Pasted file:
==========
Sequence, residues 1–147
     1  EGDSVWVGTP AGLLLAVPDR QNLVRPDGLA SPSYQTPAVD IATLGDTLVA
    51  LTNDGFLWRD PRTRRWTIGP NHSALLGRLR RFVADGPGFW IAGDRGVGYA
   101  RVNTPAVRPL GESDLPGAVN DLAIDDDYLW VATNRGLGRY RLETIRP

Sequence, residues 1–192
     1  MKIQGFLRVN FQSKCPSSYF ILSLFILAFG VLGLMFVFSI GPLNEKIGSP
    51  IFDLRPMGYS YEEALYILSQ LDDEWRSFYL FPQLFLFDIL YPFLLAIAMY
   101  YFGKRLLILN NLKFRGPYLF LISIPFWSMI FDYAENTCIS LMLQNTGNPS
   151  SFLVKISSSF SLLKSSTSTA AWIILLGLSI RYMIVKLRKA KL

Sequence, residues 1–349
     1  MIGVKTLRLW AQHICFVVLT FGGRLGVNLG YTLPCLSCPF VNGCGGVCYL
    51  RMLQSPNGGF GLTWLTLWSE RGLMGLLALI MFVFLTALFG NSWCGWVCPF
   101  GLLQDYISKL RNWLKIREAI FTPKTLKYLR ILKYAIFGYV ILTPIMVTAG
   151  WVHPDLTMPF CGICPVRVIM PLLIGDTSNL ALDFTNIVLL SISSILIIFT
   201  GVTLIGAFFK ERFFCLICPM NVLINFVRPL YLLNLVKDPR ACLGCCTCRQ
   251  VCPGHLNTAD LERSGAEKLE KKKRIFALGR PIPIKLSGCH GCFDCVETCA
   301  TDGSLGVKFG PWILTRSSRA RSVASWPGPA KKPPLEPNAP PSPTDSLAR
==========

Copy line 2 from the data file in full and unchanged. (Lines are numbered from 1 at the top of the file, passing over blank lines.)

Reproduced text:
     1  EGDSVWVGTP AGLLLAVPDR QNLVRPDGLA SPSYQTPAVD IATLGDTLVA